When cooking most greens, I used to start with sauteeing pancetta with the onions, but had to give that up when my daughter became a vegetarian.

With chard, like most other tender greens, I try to keep it simple, just sautee onion and/or garlic, add the greens, salt, a few red pepper flakes and a little bit of water, cover and cook until done. But one thing I almost always do with chard, which I have not seen in any of the posts above, is drizzle it with balsamic vinegar before serving. I have some "fig balsamic" which I think works particularly well for this purpose. This chard is especially good alongside beef or lamb. I might do something "lighter" if I were serving chard with fish. The basic principle, however, is that cooked greens almost always benefit from some form of acidity: vinegar-based hot sauce, lemon juice, or vinegar of some sort--not added to the cooking water, which would do unappetizing things to the color, but drizzled or squirted on just before or after serving.

When it comes to southern-style greens: collards, turnip, mustard greens or kale, that are traditionally cooked with "seasoning meat" like ham hocks, smoked neckbones or salt pork, I have a different "trick" since if I cook with pork, my kid won't eat it: I add a litle bit of Liquid Smoke to the cooking water, and then use smoked salt as a finishing salt when I serve the greens. It doesn't quite have the unctuous texture that pork fat provides, but it is a bit of trompe l'bouche. The first time I did this, Veggie-teen tasted it suspiciously and said:"Does this have meat in it?" IMO Southern-style greens should be eaten with a vinegar-based hot sauce like Tabasco, Frank's, or Texas Pete's sprinkled on at the table.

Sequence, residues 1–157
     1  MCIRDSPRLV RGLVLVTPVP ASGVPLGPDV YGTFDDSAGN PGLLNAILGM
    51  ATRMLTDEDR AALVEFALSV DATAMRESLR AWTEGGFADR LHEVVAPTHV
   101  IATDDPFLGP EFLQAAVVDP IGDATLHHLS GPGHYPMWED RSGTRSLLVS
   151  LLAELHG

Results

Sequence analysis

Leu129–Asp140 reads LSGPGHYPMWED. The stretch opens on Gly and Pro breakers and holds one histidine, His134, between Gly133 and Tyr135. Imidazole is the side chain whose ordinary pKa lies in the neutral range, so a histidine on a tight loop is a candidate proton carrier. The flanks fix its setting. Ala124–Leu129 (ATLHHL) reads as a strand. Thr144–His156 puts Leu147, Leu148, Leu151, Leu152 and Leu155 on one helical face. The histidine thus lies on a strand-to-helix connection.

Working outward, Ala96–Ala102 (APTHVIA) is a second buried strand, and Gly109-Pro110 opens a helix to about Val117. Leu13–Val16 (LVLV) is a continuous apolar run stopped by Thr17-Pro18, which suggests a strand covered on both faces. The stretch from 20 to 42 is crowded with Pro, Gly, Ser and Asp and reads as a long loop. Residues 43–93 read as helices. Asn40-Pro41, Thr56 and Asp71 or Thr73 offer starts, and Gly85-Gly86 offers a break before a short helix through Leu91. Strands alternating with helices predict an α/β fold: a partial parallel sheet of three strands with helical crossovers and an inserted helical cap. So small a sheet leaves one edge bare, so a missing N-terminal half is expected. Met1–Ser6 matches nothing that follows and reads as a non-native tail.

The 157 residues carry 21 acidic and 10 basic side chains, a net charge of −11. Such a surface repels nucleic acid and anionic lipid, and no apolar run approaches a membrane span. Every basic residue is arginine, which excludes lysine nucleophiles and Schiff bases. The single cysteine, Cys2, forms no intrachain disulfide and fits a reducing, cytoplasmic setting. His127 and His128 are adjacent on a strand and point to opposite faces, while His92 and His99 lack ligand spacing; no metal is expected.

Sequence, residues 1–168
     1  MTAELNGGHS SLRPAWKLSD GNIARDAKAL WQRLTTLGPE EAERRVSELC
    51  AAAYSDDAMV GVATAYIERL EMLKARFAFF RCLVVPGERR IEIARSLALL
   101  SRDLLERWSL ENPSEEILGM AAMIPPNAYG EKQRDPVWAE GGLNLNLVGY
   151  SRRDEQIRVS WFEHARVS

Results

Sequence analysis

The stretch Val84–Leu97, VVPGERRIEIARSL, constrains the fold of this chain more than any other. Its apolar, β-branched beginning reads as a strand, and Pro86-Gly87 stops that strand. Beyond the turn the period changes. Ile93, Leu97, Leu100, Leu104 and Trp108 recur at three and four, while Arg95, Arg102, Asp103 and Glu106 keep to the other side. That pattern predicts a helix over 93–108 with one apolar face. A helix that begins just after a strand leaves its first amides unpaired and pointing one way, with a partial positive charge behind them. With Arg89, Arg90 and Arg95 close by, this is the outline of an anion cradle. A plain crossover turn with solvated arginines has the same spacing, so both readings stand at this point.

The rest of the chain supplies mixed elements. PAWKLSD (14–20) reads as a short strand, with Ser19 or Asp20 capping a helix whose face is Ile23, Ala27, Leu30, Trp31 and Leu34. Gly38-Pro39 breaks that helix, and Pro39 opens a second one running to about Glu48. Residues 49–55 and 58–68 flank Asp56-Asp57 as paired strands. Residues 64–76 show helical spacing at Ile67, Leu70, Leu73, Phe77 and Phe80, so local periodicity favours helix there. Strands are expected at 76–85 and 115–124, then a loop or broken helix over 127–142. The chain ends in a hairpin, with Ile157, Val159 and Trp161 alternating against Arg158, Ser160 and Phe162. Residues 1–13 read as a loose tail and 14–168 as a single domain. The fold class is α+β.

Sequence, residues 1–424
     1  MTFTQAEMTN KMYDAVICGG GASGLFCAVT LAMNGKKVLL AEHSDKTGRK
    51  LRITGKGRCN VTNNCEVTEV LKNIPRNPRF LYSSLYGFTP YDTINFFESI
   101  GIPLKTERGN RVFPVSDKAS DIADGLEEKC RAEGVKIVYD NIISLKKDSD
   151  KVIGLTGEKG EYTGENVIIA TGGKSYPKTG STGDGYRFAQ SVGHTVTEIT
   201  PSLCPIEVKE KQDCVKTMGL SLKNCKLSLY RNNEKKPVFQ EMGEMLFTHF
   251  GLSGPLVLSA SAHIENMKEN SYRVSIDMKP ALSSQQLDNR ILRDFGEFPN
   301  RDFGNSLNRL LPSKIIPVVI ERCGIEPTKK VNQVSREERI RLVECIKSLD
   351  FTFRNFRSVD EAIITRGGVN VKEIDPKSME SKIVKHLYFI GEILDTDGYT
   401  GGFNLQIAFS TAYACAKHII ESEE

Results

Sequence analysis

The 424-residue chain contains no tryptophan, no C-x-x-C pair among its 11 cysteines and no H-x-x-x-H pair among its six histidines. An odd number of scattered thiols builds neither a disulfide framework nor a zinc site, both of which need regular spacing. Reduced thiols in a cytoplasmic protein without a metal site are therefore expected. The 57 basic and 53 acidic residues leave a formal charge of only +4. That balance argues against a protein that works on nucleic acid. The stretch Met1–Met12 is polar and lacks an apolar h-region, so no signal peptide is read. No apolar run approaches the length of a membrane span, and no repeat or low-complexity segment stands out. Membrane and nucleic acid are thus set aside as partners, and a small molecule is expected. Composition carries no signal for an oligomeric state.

Link to comment
Share on other sites

Here's a recipe I used with our CSA collards earlier this summer. Fantastic...it's creamy without the use of cream.

It looks like I took this off of eatingwell.com (due to the inclusion of nutrition facts) or it was probably epicurious.com. I typically pan saute my greens in a skillet with onions etc. This just adds a little something extra. I actually left out the nuts as I didn't have any. Enjoy!

Steamed Greens with Lemony Tahini and Cashews

Load up greens like Swiss chard with tahini and cashews for an extra healthy meal. Leafy collard greens, kale, and Swiss chard–high in both calcium and B vitamins–are terrific bone builders. Cashews provide healthy fats and protein. Serve this dish with a side of steamed whole wheat couscous, which takes about 5 minutes to prepare–and boom–you've got a quick and easy healing meal. Serves 4

½ cup tahini (sesame seed paste)

2 large lemons

1 large clove garlic, pressed